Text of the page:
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Photo tips



Some additional photo tips.. (Hey, I'm prepping a talk about photography,
I gotta open my mouth!)

> From: "Matthew Paul Rhoten" <mrhoten at surly_org>
> Subject: photos of nutrient deficiency symptoms

> In case people on the list are tooling up to contribute pictures, here are
> some problems I've run into, with suggestions for how to get around them:
> 
> - - Inadequate detail. Ever tried to photograph a four foot long "giant val"
> leaf? Since we don't really care about esthetics when depicting nutrient
> deficiencies, heck, chop up the leaf into pieces and lay them out next to
> each other! If you're trying to photograph something wrong with your plant,
> yank a leaf depicting the problem out of the tank, and plonk it on your
> kitchen counter where you can get decent light on it and a macro lens right
> up against it for some nice closeups.

I would also stress the need for getting in as close as possible,
especially if you're using a limited-resolution medium, such as
digital camera or fixed-focus camera.  This insight came from watching
badly- shot video of people's tanks, where you could see little specks
swimming around, and things that might have looked like plants if you
could just get a better look at them.  Also looking at snapshots of
people where you can barely see their face because they've been taken
too far back...  I think we just have a tendency to see things
"bigger" through the viewfinder when taking the picture, and we have
to overcome the instinct and think about how the final thing will look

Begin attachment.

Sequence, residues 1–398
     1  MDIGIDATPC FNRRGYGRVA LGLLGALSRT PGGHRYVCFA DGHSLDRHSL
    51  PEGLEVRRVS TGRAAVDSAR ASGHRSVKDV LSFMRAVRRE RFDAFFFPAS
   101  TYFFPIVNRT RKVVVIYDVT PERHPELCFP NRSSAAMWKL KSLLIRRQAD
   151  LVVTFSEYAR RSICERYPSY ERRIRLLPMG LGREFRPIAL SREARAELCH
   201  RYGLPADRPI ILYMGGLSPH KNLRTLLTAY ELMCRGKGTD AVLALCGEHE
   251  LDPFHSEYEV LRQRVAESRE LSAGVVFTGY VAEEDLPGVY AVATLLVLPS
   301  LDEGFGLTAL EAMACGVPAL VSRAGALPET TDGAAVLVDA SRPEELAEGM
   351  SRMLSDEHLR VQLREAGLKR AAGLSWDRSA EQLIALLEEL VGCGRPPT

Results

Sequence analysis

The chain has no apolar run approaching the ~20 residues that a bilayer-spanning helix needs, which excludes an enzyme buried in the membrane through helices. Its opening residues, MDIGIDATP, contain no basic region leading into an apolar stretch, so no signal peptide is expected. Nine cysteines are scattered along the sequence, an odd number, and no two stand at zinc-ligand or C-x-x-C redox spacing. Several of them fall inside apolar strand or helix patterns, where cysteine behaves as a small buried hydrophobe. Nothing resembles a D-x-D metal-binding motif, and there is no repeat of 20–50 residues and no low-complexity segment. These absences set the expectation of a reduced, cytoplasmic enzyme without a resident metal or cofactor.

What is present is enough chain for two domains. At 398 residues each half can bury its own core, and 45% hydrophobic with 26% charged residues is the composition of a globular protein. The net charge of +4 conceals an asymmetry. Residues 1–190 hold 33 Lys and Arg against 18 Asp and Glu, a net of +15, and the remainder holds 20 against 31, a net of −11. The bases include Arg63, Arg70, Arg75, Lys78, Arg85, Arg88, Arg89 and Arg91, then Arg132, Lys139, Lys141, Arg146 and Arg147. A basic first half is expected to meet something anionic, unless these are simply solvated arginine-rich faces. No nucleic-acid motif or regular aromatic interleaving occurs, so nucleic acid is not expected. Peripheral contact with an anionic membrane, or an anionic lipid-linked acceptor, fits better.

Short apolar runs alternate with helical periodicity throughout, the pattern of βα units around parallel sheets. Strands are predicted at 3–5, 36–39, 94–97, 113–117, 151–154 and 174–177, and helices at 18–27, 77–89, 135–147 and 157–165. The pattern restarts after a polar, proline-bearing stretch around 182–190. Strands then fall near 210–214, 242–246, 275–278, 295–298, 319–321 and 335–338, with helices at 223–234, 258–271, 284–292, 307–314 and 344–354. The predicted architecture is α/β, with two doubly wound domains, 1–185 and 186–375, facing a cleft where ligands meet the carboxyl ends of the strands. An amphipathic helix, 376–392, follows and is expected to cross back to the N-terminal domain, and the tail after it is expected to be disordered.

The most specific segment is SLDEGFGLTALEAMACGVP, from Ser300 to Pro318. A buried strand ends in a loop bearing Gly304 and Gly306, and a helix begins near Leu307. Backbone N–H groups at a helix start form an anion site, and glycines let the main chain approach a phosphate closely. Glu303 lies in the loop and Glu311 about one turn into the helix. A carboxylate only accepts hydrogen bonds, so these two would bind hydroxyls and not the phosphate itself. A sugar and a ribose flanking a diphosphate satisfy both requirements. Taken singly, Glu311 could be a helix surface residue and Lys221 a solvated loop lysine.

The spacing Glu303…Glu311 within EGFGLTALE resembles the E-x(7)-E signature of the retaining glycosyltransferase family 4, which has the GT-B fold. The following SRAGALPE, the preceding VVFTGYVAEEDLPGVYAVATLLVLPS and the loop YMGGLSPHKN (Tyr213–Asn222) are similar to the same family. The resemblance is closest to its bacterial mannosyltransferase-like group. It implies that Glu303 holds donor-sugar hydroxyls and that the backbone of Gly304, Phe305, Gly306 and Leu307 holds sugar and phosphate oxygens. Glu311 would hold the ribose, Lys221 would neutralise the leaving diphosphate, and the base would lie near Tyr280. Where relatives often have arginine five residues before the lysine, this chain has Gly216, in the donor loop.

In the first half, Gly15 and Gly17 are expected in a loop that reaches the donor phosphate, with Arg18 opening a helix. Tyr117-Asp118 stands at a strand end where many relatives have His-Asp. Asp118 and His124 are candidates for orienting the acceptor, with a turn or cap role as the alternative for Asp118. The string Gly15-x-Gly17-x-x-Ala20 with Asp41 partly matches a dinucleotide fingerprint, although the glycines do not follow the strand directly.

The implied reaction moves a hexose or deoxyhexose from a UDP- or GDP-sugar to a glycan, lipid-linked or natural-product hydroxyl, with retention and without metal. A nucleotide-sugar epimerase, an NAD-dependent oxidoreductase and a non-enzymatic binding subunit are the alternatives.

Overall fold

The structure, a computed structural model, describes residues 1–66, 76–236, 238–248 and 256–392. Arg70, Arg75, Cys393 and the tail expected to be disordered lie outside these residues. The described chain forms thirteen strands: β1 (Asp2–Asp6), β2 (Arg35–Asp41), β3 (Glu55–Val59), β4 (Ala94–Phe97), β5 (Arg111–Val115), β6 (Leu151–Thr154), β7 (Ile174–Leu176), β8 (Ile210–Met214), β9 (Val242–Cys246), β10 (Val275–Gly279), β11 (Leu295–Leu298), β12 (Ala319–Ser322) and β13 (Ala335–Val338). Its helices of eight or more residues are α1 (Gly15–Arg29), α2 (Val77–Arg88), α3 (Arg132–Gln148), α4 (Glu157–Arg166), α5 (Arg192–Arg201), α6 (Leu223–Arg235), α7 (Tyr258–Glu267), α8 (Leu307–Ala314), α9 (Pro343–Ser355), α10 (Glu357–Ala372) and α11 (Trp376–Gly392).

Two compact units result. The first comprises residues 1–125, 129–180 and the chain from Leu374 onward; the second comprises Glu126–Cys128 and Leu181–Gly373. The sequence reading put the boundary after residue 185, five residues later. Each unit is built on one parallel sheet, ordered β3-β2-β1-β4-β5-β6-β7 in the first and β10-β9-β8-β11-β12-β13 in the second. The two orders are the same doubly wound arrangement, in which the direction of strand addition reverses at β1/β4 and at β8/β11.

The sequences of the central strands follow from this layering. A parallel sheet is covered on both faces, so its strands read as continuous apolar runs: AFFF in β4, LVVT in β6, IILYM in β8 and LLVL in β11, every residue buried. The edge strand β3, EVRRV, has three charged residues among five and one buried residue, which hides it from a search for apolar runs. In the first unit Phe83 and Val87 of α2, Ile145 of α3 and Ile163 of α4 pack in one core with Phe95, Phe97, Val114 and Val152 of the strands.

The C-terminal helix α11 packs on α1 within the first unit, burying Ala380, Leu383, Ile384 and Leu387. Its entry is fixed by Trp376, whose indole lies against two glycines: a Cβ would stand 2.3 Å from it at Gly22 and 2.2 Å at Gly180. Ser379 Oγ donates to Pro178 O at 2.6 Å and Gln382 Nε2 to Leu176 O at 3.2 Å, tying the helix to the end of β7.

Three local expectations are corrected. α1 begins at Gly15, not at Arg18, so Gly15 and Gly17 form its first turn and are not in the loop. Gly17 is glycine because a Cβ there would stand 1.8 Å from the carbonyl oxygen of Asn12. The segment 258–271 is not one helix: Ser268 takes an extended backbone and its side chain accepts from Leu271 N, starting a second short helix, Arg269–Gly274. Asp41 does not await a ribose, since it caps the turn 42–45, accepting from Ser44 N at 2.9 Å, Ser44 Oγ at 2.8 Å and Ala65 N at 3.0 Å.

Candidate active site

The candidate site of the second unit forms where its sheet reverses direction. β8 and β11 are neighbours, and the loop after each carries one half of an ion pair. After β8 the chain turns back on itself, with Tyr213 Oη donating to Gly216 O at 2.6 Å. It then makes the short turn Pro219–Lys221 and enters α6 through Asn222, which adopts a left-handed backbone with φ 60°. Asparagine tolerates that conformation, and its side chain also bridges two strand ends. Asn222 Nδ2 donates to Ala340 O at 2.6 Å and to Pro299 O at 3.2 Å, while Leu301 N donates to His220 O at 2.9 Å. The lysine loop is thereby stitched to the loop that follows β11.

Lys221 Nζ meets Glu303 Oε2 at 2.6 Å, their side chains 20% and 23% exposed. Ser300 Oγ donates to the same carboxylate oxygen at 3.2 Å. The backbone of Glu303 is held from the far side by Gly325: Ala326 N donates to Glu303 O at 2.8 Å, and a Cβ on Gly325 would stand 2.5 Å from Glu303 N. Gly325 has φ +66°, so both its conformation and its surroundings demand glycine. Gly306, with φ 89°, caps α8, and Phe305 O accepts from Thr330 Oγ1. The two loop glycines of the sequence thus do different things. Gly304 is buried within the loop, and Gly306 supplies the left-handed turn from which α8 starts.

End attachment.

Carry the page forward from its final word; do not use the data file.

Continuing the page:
as a tiny print.

If you don't have a macro lens, a close-up filter set ($25-50 retail) can
do a quite passable job.

I mount my flash on a cord so I can take pictures with the light off-angle.
May or may not be applicable to shots out of the aquarium.  Certainly not
applicable if you are using a macro ring flash (lucky!).

> - - Photo lab color correction. I'm now using a Macbeth Color Checker to help
> out the tech at the lab, but as these are $40 or so you might just want to
> be careful about lighting (in sum: use a flash) and ask your photo lab not
> to color correct. Photo labs do a great job if they can see some skin tone
> or white to zero in on, but boy howdy when presented with a giant field of
> green they can wreak some damage.

Alternative: take slides.  They can't color-correct slides.  And when they 
print them, they have a handy reference in front of them. They
can't exposure-correct slides either, so bracket well at first.

  - Erik

---
Erik Olson				
eriko at wrq.com